WILLIAM Odom's essay, "Realism About Russia ", in the Fall 2001 issue of The National Interest put forth a stark and controversial view of Russia prospects and of how US. policy should adapt to those prospects. In the interest of generating a conversation over what remains an important and multifaceted relationship between former Cold War antagonists, we asked a group of distinguished scholars and analysts--among them Americans, Russians, and Europeans--to respond to General Odom's presentation. Little did we know at the time that the events of September 11 would alter the context of that relationship and generate what may turn out to be significant changes in it. Not surprisingly, several of the critiques presented here refer to the impact of the terror attacks and their aftermath on the course of U S.-Russian relations. That, in turn, has provided Gen. Odom with an opportunity to respond to his critics and to comment on the post-September 11 environment at the same time. --The Editors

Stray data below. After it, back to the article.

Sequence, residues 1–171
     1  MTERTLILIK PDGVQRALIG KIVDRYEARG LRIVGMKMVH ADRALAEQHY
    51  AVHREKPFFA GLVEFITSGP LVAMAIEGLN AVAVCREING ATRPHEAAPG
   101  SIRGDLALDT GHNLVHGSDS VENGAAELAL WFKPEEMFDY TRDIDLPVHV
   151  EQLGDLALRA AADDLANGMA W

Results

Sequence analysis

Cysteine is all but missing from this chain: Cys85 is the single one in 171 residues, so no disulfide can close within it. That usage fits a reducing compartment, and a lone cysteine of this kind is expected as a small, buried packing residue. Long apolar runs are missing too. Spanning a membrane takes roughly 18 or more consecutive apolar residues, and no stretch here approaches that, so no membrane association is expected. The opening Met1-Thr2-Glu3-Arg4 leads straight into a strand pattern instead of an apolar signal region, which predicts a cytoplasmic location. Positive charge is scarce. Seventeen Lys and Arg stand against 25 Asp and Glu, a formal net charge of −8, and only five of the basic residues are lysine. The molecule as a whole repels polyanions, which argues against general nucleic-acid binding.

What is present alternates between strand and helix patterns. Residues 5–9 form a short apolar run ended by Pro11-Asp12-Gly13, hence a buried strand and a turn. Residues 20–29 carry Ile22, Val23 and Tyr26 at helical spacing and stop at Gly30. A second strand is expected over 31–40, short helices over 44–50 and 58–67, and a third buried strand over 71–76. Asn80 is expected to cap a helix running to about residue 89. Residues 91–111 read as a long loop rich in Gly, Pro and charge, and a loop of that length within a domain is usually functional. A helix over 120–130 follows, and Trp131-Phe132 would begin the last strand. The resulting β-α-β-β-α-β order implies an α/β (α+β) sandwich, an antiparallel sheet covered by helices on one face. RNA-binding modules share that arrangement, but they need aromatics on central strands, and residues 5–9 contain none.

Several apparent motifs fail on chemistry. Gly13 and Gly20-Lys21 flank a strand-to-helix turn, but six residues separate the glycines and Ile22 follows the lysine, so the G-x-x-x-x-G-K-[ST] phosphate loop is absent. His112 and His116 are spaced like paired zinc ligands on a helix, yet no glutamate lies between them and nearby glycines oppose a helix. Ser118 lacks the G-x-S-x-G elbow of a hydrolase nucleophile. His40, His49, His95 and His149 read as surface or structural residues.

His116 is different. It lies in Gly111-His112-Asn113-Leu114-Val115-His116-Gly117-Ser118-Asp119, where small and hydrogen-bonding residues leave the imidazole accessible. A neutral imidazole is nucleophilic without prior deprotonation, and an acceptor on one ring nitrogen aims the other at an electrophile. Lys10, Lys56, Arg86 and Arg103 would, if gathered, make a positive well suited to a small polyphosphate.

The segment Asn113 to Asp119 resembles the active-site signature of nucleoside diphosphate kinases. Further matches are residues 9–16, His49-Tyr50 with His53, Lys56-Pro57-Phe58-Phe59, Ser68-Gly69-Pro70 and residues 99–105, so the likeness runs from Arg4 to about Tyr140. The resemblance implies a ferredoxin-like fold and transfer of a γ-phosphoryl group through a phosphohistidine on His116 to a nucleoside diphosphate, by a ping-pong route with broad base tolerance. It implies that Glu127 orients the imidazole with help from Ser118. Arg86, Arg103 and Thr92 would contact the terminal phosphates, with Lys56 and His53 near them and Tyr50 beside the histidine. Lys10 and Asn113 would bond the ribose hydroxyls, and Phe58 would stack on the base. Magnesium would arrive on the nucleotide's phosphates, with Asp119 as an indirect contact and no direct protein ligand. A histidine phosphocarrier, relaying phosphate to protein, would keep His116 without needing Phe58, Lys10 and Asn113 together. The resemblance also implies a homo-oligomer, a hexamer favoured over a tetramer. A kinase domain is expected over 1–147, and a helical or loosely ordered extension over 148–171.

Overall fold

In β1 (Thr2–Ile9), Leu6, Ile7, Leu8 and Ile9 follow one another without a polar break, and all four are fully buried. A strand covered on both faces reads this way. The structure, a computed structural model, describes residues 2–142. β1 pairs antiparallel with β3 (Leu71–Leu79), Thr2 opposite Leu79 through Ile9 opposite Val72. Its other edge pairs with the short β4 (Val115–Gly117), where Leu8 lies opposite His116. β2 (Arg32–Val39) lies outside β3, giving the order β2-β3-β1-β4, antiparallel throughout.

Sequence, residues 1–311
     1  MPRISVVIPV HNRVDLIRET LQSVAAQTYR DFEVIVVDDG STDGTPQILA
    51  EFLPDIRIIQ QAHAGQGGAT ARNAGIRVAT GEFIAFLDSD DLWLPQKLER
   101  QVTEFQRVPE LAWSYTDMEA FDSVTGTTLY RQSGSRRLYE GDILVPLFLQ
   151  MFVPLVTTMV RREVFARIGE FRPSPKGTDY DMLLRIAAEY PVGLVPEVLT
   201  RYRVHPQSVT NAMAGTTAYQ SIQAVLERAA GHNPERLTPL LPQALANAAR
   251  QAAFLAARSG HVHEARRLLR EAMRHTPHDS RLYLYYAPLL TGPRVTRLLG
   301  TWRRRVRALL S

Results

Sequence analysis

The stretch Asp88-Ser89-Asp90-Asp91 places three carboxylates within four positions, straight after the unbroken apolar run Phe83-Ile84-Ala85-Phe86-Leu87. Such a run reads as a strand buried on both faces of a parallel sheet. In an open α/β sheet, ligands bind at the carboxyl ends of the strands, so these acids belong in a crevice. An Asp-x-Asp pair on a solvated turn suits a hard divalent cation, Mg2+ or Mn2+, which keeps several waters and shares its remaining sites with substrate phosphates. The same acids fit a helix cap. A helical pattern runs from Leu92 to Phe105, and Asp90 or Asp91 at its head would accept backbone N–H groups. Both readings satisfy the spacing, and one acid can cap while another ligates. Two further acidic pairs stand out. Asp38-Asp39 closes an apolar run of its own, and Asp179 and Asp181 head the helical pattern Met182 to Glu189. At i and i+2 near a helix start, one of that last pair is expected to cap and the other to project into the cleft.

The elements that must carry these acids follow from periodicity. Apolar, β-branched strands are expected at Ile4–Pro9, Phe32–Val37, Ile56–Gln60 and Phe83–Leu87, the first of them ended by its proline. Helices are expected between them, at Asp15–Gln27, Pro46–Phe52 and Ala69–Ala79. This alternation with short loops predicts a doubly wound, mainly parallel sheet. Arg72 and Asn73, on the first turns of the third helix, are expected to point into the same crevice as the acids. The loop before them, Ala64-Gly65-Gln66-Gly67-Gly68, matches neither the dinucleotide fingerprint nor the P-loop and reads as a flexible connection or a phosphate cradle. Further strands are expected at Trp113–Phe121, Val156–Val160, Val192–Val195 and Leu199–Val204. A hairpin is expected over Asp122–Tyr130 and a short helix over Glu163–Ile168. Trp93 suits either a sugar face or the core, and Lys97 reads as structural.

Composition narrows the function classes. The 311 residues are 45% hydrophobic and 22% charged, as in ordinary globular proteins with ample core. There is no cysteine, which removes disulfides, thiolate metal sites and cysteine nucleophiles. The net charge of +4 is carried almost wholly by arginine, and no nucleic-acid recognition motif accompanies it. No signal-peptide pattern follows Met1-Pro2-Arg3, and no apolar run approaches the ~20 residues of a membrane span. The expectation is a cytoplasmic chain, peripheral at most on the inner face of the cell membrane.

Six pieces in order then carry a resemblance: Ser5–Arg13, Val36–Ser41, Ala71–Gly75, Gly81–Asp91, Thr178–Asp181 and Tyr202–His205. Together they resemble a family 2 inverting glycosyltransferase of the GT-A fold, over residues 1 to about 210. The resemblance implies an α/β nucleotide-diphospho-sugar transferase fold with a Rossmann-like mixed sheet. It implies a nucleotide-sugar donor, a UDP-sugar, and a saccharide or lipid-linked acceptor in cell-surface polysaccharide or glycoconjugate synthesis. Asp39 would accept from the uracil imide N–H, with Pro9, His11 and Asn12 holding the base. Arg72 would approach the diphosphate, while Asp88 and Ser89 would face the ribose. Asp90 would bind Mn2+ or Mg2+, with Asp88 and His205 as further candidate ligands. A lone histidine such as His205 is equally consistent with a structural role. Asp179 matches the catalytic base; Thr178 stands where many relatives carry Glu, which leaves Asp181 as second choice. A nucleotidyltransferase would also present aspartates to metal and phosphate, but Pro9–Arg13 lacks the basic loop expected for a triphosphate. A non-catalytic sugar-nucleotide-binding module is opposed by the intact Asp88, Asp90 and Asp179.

Martin Malia, University of California, Berkeley:
IN THE bogged-down debate about post-Communist Russia 's tribulations, William Odom has the merit of clearly identifying the chief villain of the story: "seven decades of Soviet rule are mostly to blame.. not the West." Among works written as if Yeltsin's "young reformers" had inherited a thriving society from communism, he appropriately calls Stephen F. Cohen's Failed Crusade "egregious." The same must be said of Peter Reedaway's Tragedy of Russia Reforms, which places the blame on "Thatcherite market bolshevism" (sic!).